Allergic-like reactions to receiving both nonionic iodinated contrast medium (ICM) and gadolinium-based contrast medium (GBCM) are extremely rare, according to a new study published in the American Journal of Roentgenology. When such reactions did occur, they “presented as a mild acute reaction without significant clinical consequences.”
“The aim of this study was to assess the incidence rate and clinical characteristics of acute allergic-like reactions to both ICM and GBCM in patients who have received both types of contrast media for imaging studies,” wrote lead author Vahid Yaghmai, MD, department of radiology at Northwestern University’s Feinberg School of Medicine in Chicago, and colleagues. “This information is essential for assessing risk of a future reaction and the need for premedication before contrast administration.”
The authors used data from their institution from September 2011 to August 2016, and more than 302,000 total contrast injections were performed during that time. The overall rate of reaction to ICM was 0.48 percent. For GBCM, the overall rate of reaction was 0.17 percent.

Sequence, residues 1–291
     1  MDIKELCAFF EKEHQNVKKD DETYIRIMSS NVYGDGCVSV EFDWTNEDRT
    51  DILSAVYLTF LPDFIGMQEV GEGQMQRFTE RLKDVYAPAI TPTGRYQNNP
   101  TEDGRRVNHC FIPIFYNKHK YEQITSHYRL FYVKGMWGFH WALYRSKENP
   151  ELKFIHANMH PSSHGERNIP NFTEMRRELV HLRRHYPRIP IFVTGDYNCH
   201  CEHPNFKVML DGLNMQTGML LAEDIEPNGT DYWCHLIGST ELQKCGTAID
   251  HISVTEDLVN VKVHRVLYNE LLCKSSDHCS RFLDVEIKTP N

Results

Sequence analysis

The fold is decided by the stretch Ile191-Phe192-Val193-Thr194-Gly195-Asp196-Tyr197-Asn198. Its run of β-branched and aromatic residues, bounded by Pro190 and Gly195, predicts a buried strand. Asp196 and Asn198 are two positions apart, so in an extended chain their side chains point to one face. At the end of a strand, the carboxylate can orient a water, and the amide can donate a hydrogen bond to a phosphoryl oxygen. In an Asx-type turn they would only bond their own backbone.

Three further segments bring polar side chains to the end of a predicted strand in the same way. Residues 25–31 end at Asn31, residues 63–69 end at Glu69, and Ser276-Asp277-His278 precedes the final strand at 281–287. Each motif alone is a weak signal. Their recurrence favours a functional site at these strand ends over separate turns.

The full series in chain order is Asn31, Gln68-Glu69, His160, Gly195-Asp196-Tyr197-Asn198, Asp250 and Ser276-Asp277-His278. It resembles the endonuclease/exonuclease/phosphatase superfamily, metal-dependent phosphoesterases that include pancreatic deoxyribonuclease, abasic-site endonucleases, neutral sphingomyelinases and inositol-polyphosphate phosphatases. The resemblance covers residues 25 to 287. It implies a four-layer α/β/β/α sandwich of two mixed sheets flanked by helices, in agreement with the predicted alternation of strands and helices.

More than 19,000 patients received at least one injection of ICM and one of GBCM. Of those patients, nine—six women and three men—had reactions to both ICM and GBCM, which is a rate of 0.047 percent. The patients fell between the ages of 38 and 86, with a mean age of 55.
“ICM and GBCM are chemically distinct compounds,” the authors wrote. “Because of their structural differences, cross-reaction between ICM and GBCM would not be expected. The observed incidence rate of reactions to both ICM and GBCM in our study was significantly lower than the individual risks of developing acute allergic-like reaction to either ICM or GBCM.”